Google has released an update for Chrome to address a previously undisclosed or zero-day flaw that is under attack.
According to Google, the high-severity flaw, which is tracked as CVE-2022-4135, is due to a memory-related “heap buffer overflow in GPU”.
“Google is aware that an exploit for CVE-2022-4135 exists in the wild,” Google says in its advisory.
The issue was was reported on 22 November by Clement Lecigne, a researcher with Google’s Threat Analysis Group.
Google is rolling out the fix in the coming days or weeks via the Stable channel release of Chrome, which has now been updated to 107.0.5304.121 for Mac and Linux, and 107.0.5304.121/.122 for Windows.
Google is keeping details of the bug restricted until the majority of users are updated with the fix.
The NIST’s National Vulnerability Database, however, has a more detailed description of CVE-2022-4135, which helps explain why it’s a high-severity flaw: a remote attacker can escape the Chrome sandbox by luring a target to a web page crafted in a way to exploit the security issue in the graphics renderer process.
“Heap buffer overflow in GPU in Google Chrome prior to 107.0.5304.121 allowed a remote attacker who had compromised the renderer process to potentially perform a sandbox escape via a crafted HTML page,” NIST notes.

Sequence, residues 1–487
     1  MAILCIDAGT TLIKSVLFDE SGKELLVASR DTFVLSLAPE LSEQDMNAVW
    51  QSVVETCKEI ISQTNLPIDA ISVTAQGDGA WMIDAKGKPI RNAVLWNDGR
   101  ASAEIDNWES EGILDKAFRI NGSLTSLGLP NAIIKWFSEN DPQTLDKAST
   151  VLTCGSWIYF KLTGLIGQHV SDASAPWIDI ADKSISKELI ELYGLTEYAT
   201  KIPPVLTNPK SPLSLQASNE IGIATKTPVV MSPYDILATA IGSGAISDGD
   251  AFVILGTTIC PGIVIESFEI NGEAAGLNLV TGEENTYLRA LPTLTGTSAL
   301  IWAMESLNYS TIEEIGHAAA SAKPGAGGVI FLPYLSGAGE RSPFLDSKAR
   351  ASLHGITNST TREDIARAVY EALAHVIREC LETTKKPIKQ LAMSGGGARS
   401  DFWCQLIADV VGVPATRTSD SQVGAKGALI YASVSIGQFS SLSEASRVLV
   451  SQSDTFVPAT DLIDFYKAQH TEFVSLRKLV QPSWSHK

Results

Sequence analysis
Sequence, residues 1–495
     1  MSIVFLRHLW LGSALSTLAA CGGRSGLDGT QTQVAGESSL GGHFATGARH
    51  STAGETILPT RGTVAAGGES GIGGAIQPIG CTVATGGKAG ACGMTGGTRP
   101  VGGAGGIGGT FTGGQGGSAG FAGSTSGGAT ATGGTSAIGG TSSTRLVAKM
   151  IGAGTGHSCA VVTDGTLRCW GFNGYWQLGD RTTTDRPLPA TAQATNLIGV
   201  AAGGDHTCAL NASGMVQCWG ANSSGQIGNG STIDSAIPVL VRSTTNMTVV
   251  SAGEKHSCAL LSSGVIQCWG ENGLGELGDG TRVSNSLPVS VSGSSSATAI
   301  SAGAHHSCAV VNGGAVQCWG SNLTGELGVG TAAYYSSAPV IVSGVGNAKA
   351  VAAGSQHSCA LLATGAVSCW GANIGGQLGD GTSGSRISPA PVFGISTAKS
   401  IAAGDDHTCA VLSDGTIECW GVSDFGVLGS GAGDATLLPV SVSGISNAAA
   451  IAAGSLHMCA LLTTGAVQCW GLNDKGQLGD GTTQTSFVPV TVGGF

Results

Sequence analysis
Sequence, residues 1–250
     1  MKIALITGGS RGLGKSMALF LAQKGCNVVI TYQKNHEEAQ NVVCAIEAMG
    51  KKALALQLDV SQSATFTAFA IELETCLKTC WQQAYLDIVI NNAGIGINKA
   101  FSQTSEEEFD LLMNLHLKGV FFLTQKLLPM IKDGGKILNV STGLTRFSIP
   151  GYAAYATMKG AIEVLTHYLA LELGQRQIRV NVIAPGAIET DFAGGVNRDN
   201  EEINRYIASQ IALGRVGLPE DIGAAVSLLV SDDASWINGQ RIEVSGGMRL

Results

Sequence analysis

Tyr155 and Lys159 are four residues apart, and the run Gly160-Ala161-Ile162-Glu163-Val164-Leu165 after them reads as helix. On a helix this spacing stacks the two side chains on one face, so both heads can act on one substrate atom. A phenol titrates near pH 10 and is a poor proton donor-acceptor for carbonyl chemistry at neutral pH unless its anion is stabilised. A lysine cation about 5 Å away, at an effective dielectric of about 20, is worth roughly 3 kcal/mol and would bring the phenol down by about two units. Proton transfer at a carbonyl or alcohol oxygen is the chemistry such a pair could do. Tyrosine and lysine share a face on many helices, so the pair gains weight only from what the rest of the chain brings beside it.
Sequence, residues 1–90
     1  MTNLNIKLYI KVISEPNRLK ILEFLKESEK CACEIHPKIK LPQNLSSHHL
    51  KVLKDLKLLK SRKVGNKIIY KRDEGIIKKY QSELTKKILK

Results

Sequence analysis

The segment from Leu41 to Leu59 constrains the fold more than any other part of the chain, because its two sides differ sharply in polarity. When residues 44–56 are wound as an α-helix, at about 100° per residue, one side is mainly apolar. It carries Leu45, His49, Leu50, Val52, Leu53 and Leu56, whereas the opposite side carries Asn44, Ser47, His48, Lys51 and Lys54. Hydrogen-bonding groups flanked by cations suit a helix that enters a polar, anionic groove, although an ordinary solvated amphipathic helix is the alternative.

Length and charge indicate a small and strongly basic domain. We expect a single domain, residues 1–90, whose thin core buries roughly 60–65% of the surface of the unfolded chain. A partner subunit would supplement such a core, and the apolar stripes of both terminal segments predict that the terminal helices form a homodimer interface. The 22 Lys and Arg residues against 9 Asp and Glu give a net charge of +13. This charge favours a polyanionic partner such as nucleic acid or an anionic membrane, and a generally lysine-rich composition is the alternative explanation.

According to Bleepingcomputer, it’s the eighth actively exploited zero day in Chrome that Google has patched this year. Google’s Project Zero zero-day tracker, however, only counts seven Chrome zero days this year as it’s missing CVE-2022-3075, which it patched on September 2.
By far, the most common category of flaws affecting Chrome on the zero-day tracker are memory corruption issues. Google is trying to harden Chrome’s giant C++ code base against memory security flaws with heap scanning and MicarclPtr. In general, memory flaws account for 70% of high-severity bugs in Chrome. Both hardening techniques create an overhead on performance.
Even though the flaw is likely being used in targeted attacks, Chrome users should install the update, which was available today when ZDNet checked.